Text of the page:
In 2019, crude oil prices responded to multiple factors affecting supply and demand. This was as swings in crude oil inventories, OPEC+ production cuts, escalating trade tensions and a synchronized slowdown had to push and pull effects on the global commodity. As a result, Brent crude oil prices averaged $64.2/b in 2019, down 10.5% y/y.
Barely three days into 2020, geopolitics took the centre stage, as tensions between U.S. and Iran escalated, following a U.S. airstrike which killed an Iranian General. With the fear of oil assets being caught in the web of inter-country conflict, possible attacks on Middle Eastern U.S. allies or disruption at the Strait of Hormuz, crude prices climbed above $70.0/b levels before settling at $67.8/b. While tensions in the Middle East serve as a short-term positive shock, the recent OPEC+ production cuts give us reasons to believe that oil prices will average or hover around $60-$65/b in 2020 (with a greater probability lying in the mid-value of the band).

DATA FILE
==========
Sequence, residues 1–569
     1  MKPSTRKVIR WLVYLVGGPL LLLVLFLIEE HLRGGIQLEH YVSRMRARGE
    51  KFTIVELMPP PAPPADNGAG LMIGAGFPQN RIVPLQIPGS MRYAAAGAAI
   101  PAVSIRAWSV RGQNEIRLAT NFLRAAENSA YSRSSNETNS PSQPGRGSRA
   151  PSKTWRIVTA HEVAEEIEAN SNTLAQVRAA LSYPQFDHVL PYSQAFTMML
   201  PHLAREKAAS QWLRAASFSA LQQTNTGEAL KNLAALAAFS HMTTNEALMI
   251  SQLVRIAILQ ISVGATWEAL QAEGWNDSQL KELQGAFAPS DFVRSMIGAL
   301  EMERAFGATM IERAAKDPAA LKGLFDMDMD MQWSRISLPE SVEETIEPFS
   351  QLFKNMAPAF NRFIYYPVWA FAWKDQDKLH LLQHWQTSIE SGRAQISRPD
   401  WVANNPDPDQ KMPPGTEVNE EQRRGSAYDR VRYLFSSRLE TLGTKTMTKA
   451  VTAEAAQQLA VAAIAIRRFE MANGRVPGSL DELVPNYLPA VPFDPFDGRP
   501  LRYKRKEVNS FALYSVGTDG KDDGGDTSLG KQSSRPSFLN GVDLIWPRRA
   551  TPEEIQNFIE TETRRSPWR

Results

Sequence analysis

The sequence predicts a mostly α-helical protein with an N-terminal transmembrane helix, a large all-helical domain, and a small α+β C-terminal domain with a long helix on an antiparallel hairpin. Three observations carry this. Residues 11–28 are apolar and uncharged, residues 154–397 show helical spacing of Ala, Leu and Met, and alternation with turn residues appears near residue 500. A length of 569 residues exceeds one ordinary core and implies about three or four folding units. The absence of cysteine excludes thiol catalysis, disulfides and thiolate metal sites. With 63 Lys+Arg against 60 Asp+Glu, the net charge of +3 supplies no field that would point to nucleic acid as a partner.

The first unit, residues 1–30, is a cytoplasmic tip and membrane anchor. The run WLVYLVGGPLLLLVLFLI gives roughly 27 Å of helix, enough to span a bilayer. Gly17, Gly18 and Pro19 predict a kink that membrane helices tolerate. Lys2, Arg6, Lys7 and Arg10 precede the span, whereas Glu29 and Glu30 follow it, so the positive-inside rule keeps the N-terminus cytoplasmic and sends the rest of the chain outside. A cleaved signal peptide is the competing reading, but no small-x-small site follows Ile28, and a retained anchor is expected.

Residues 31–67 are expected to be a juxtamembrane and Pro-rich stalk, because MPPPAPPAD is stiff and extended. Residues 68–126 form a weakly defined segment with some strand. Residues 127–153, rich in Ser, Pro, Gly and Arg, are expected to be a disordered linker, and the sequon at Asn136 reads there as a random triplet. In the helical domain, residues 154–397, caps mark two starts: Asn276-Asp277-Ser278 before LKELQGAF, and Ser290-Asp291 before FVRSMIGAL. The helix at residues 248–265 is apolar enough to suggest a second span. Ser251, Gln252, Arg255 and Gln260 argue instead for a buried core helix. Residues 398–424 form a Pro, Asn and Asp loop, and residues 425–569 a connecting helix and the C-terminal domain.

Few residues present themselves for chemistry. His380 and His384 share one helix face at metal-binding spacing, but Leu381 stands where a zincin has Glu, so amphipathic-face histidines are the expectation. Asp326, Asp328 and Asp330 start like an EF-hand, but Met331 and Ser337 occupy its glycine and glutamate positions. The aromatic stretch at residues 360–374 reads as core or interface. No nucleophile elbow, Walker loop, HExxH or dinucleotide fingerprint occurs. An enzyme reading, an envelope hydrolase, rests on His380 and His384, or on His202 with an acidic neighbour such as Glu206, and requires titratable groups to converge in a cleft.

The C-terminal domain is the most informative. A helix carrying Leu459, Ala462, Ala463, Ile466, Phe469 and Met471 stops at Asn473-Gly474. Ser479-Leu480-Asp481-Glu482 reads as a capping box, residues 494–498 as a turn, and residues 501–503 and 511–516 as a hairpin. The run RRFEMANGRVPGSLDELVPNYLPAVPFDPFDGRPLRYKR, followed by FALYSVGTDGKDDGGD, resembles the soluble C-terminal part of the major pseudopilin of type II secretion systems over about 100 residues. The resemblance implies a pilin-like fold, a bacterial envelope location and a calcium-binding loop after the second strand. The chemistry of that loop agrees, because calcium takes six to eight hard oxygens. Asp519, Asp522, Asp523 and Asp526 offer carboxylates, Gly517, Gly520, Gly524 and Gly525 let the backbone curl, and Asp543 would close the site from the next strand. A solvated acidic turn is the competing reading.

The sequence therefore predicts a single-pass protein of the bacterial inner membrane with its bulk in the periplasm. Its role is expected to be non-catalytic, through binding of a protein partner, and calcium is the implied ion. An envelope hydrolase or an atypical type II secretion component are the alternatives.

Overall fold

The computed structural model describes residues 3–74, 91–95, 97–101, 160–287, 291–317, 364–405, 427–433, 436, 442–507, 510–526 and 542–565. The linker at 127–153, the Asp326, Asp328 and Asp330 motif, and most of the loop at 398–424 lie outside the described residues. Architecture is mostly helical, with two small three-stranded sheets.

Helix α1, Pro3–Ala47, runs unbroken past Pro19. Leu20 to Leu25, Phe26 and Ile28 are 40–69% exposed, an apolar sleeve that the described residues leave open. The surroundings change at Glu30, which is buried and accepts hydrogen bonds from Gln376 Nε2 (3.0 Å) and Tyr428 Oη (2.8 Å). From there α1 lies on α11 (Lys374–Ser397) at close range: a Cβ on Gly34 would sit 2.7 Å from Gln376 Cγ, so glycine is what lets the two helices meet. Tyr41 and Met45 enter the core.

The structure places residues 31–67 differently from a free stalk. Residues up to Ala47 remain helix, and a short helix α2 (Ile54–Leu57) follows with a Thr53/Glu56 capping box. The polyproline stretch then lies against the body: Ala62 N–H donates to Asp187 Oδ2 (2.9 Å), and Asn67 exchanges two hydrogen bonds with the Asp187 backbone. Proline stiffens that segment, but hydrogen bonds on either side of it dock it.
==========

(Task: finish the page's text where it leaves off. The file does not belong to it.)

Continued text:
On the demand side, decelerating growth in key demand markets (China & India) remains a key cause for concern. Also, with higher oil prices, shale producers are encouraged to pump up supply, creating a potential glut. However, we could see increased tensions and actions that will keep prices at a significantly profitable level.
United Capital Research